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Orange County Probate & Estate Administration Law Blog

Kids dispute Mickey Rooney's will that left everything to stepson

Regardless of the size of your estate, chances are that you have an idea of what you want to happen to it after your death. Having a will or a trust set up is a good way to ensure that your chosen heirs receive whatever you intend for them. However, even these arrangements can be called into question, and will contests are not uncommon in California.

It is hard to judge someone's decisions when they are no longer around, so these disputes can often be difficult to settle. For the family of recently deceased Hollywood star Mickey Rooney, the matter of inheritance is currently a point of contention. The 93-year-old actor disinherited his eight biological children, leaving his entire estate to his stepson.

Elderly couple leaves their California estate to a museum

Planning what will become of their assets after death is an important process for many people. It is essential to ensure that your wishes are made clear so there will be no confusion as to what you want done. Many people choose to prepare a will or to set up a trust to ensure their chosen beneficiaries receive whatever is intended for them. Thanks to careful management through probate, a certain valuable California estate will now be directed to where its owners designated.

The California couple requested that the Plains Indians and Pioneers Museum, located in Oklahoma, be the repository of their entire estate, estimated at more than $1 million. The estate includes a number of artifacts and artwork collected by the couple. Although they moved to California in 1929, they retained a place in their hearts for their home state of Oklahoma.

When it comes to estate planning, think long-term

When many people think of estate planning, they often think of planning for what will happen after they die. They write a will, establish trusts and take other steps to ensure that their wishes will be fulfilled in a way that is easiest on their loved ones. While these are all important things to do, a comprehensive estate plan should also address what will happen if you become incapacitated or are no longer able to care for yourself.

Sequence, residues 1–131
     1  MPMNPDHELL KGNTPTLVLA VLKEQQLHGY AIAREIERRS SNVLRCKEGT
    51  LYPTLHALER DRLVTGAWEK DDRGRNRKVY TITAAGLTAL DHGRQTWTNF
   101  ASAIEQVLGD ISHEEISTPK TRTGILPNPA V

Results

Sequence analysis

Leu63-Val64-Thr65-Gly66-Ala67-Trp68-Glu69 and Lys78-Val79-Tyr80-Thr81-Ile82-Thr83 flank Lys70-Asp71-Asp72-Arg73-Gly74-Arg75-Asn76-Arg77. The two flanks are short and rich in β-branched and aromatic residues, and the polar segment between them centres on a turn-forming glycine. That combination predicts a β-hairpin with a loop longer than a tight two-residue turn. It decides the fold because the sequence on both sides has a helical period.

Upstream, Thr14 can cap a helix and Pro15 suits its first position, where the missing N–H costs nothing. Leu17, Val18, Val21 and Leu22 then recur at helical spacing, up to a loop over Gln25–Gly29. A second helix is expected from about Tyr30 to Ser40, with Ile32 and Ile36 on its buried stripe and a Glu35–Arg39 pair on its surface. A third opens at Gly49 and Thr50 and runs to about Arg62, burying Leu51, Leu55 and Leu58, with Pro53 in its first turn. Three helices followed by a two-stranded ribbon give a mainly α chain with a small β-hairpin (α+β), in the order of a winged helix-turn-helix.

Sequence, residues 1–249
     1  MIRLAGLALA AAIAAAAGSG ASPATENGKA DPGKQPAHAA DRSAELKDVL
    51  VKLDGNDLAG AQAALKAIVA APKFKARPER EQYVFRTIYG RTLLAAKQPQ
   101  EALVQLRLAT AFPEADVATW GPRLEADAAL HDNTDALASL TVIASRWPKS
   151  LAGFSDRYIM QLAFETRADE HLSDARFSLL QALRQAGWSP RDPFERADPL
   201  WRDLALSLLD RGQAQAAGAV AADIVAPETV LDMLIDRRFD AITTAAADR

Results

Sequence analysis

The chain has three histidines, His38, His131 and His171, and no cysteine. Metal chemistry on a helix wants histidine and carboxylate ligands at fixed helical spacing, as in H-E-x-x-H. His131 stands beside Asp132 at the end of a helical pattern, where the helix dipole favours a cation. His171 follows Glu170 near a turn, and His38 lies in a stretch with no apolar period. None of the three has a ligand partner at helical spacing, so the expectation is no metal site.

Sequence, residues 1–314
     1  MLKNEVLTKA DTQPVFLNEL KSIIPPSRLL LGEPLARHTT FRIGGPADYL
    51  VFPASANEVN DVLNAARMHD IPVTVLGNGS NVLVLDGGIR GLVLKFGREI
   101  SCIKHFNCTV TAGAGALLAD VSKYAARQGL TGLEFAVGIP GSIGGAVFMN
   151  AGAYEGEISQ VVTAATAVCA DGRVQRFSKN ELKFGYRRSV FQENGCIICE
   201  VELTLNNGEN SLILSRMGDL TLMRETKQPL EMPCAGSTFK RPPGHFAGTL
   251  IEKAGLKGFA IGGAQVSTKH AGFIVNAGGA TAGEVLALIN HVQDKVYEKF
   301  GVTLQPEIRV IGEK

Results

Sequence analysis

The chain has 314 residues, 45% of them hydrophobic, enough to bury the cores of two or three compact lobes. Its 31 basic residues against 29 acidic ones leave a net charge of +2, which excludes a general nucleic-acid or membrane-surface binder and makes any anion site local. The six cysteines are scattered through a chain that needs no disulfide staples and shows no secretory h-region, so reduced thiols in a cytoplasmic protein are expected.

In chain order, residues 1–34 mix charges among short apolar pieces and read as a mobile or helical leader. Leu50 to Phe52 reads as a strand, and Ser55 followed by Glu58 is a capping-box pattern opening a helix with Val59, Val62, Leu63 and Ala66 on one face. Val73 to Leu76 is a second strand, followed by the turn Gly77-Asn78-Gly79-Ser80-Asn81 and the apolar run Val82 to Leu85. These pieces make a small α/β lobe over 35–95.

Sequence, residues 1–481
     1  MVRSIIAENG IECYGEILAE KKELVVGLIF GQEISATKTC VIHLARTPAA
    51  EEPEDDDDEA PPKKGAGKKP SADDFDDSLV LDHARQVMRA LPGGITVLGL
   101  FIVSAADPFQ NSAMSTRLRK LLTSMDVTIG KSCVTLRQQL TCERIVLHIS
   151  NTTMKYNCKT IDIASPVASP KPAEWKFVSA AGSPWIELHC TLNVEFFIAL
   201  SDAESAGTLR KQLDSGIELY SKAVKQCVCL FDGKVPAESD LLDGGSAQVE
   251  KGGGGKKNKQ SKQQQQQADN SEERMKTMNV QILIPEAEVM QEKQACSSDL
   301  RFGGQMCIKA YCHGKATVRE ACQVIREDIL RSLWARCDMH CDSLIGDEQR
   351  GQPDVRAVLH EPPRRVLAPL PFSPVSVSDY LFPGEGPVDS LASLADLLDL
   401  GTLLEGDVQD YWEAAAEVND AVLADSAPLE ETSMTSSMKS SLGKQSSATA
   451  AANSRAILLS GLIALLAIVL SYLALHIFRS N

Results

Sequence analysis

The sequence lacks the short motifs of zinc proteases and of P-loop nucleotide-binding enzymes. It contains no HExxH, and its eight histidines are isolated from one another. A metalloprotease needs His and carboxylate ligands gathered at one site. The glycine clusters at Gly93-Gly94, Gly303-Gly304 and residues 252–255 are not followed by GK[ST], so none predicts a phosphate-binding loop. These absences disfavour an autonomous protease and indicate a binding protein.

Imagine that you reach a point where you cannot take care of yourself. Maybe you become ill or old age simply begins to set in. If you are not lucky enough to have a family member nearby who can take care of you, some form of assisted living may be necessary. If you haven't planned properly, however, you could be hit with thousands of dollars in nursing home and medical bills. No one wants to end up in a situation like this, and one way to prevent it is to consider long-term care insurance.

Wait ... she died in February and established the trust in March?

A California woman has been charged with eight felonies committed, authorities say, during her stint as a caregiver for an elderly woman. The charges include elder theft, grand theft, commercial burglary and identity theft. If there is an upside to this story, it is that the alleged misconduct occurred after the suspect's client, a woman in her 90s, passed away.

Also, the harm appears to have been monetary and not physical. It could have been worse. The most worrisome part of the case is that the suspect was hired through an agency, and she had twice passed background checks that included fingerprinting. The agency apparently did everything right before sending this woman into an elderly client's home.

Court to decide who will be guardian of Paul Walker's daughter

When actor Paul Walker died in November 2013, he and his 15-year-old daughter had only been living together for a couple of years. She was raised by her mother and reportedly spent little time with her dad before deciding to move to California to live with him. According to news reports, though, he enjoyed his new status as a dad, so it came as no surprise that he left his entire estate to her.